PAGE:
Committee to Combat Racial Injustice Records, 1957-1965


The Committee to Combat Racial Injustice was formed in New York City on December, 1958, to defend David Simpson, age 8, and Hanover Thompson, age 9, two negro boys from Monroe, N.C. who were alledged to have forced a kiss from a seven-year-old white girl. They were subsequently charged with assault on a white female and imprisoned in the state reformatory in October, 1958. The committee's main activities in their behalf were fund-raising, helping to secure legal counsel, and soliciting public and private moral support. Through such efforts, the boys were freed early in 1959.

In addition to its efforts in the “Kissing Case”, the committee labored unsuccessfully to prevent the extradition of Willie Reid from New York to Florida in 1959. Reid had escaped from a Florida chain gang where he was serving a fifteen-year sentence imposed in 1950. Prior to its dissolution in April, 1960, the committee was active in two other cases: the defense of Dr. Albert E. Perry, Monroe physician accused of performing an illegal abortion on a white woman; and the defense of Mae Mallory, Robert F. Williams, and several white freedom marchers, who were indicted for the alledged kidnapping of a white couple in Monroe.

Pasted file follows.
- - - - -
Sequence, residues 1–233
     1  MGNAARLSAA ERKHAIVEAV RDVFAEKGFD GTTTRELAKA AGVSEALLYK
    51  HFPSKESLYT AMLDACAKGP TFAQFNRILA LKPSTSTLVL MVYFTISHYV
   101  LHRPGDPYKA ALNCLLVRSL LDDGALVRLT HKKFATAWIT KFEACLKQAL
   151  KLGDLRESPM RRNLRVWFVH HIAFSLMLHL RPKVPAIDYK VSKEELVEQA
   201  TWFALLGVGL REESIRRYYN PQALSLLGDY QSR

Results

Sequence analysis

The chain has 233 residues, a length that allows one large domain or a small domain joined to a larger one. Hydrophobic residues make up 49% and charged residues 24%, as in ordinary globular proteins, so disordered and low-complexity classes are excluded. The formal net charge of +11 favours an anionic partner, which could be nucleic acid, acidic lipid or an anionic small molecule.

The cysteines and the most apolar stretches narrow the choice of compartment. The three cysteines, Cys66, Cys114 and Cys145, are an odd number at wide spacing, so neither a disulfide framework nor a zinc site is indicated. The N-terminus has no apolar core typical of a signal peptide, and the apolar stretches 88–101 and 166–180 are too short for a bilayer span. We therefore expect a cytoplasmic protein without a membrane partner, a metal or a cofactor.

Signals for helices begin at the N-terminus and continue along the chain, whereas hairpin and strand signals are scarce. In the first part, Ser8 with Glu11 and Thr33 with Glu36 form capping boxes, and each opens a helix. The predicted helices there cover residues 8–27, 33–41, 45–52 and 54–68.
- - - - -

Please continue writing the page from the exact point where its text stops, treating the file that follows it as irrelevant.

The committee's founders included Dr. Albert E. Perry, L. E. Austin, editor of the Carolina Times, Conrad Lynn, New York attorney active in civil rights cases, Reverend C. K. Steele of Tallahassee, Florida, George Weissman and Robert F. Williams. Williams was the chairman of the committee from its inception; Weissman was its secretary. Weissman, who used the pen name of George Lavan, was active in civil liberties work for some years prior to the formation of the CCRI. He was treasurer of the Kutcher Civil Rights Committee (see Mss 52); was a member of the Socialist Workers Party; and later became director of Pathfinder Press in New York.